Muscle spasm results from inflammation that occurs when a muscle is overstretched or torn. It begins as a muscle strain, which doesn't sound like a serious injury, but it can cause severe low back pain. Many people go to the emergency room each year because of a muscle strain. In fact, most episodes of acute lower back pain are caused by damage to the muscles and/or ligaments in the low back.
Muscle strains are also known as a pulled muscle. When the muscles in the lower back are strained or torn, the area around the muscles can become inflamed.
With inflammation, the muscles can spasm leading to severe low back pain and difficulty moving. Lower back pain from a muscle strain occurs most frequently after lifting a heavy object, lifting while twisting, or a sudden movement or fall. The pain is usually localized, meaning it doesn't radiate to the leg. The area may be sore to the touch, the patient usually feels better when resting.
Fortunately, muscle strains usually heal with time in a couple of days or weeks because muscles in the lower back have a good blood supply to bring the necessary nutrients and proteins for healing to take place.
If the pain is severe, the patient may be advised to rest, but for no more than one to two days. Pain medications and applying ice or heat may all help alleviate the pain.
If an episode of low back pain lasts for more than two weeks, the muscles may start to weaken. Since using the muscle hurts, people tend to avoid using them. This process leads to muscular atrophy and subsequent weakening, which in turn causes more low back pain because the muscles are less able to help hold up the spine.
As a general rule, people who are active and well-conditioned are much less likely to suffer from low back pain due to muscle strain, as regular exercises stretches the muscles so they are less likely to strain, tear or spasm. A complete exercise program for the low back should consist of a combination of stretching, strengthening and aerobic conditioning.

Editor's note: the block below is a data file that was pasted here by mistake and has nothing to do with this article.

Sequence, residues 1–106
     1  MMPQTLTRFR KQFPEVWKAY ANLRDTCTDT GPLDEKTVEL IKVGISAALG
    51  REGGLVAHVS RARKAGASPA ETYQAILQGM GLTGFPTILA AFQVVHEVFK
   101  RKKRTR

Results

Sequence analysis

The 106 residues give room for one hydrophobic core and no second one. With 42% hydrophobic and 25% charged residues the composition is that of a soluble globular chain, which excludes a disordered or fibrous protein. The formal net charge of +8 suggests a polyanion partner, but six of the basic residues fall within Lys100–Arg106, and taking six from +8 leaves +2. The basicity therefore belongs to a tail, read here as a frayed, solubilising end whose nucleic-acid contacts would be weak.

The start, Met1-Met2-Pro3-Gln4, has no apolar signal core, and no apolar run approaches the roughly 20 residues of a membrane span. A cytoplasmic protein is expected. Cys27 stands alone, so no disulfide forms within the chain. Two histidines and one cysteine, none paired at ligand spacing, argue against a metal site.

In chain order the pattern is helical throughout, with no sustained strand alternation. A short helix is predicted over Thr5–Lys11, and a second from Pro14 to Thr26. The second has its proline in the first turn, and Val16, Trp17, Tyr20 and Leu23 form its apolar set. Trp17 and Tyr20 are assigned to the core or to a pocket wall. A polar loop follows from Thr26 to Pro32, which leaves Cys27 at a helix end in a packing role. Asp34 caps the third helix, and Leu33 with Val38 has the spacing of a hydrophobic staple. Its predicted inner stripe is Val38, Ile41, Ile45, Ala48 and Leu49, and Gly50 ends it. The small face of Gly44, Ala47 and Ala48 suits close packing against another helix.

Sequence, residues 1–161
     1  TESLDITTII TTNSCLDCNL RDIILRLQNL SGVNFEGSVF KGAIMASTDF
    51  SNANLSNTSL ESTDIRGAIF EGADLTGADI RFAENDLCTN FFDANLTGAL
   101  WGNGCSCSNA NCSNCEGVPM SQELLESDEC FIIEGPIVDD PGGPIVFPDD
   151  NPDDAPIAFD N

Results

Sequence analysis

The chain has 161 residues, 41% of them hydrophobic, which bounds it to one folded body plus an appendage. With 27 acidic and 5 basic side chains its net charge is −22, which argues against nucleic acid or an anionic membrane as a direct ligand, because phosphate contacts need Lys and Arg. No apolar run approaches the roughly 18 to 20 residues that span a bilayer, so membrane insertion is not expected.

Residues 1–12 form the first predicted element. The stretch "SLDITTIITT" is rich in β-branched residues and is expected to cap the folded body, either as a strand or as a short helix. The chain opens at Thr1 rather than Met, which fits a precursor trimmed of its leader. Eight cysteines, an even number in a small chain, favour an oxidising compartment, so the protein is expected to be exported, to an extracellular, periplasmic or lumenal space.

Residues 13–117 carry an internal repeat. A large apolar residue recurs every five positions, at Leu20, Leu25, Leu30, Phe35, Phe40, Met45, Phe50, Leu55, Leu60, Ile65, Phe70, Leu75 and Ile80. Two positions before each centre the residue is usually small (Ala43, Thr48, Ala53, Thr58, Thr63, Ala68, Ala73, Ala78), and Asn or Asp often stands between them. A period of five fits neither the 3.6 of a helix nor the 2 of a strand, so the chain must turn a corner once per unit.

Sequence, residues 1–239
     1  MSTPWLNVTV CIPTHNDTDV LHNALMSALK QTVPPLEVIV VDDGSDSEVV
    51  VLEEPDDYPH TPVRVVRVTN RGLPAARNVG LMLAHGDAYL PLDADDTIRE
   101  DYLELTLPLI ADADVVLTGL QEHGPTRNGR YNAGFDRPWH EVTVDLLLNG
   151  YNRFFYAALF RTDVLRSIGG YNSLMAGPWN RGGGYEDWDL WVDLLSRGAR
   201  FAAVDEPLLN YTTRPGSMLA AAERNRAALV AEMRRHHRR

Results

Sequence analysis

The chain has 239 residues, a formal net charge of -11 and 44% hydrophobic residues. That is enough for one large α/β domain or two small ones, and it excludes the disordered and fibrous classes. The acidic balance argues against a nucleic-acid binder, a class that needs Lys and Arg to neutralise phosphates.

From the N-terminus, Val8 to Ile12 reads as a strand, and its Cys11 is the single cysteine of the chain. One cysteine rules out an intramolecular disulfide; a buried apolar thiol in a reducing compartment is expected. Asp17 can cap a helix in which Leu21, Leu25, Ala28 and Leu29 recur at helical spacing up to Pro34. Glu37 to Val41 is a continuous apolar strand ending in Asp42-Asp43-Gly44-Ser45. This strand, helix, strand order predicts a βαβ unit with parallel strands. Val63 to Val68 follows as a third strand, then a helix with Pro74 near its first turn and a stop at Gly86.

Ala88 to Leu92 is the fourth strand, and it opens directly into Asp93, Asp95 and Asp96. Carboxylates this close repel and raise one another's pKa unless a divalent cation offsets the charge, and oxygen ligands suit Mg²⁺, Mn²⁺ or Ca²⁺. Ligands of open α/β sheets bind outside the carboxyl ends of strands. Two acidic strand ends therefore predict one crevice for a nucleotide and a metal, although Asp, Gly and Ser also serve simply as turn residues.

What is Facet syndrome?
Facet syndrome is a condition in which the joints in the back of the spine degenerate and subsequently cause pain.
The facet joints are found at every level on both sides of the lumbar spine. They provide about 20 percent of the twisting stability in the low back. Each facet joint is positioned at each level of the spine to provide the needed support especially with rotation.
Facet joints also prevent each vertebra from slipping over the one below.
A small capsule surrounds each facet joint providing a nourishing lubricant for the joint.
Also, each joint has a rich supply of tiny nerve fibers that provide a painful stimulus when the joint is injured or irritated. Inflamed facets can cause a powerful muscle spasm.
Facet joints are in almost constant motion with the spine and it is quite common for them to simply wear out in many patients. When facet joints become worn or torn, the cartilage may become thin or disappear.
The bone in the joint underneath can produce an overgrowth of bone spurs and an enlargement of the joints. When that happens, we say the joint has arthritic changes, or osteoarthritis, which can produce considerable back pain when a person moves. This condition may also be referred to as facet joint disease, or facet joint syndrome.
I was told my MRI shows a pinched nerve. What does that mean?
The MRI scan is an imaging test that allows physicians to assess a patient's spinal anatomy and investigate the cause of the patient's back pain and pain down the leg. The physician will correlate the findings on the MRI scan with the patient's symptoms in order to arrive at a clinical diagnosis. The doctors and other healthcare practitioners use many different terms to describe spinal disc problems and pain.
A pinched nerve means that the nerve is being compressed, and the compression is causing the pain radiate down the leg. A pinched nerve can be cause by a herniated or bulging disc.
Other causes of a pinched nerve can be arthritis, causing narrowing of the spinal canal, trauma, tumor or even an infection. When a person has a herniated disc that is causing pain, the bulge in the disc is pinching on a nerve in the spine. This produces pain that is called radicular pain, nerve root pain, or sciatica. Symptoms typically involve pain traveling down the leg in a very specific location.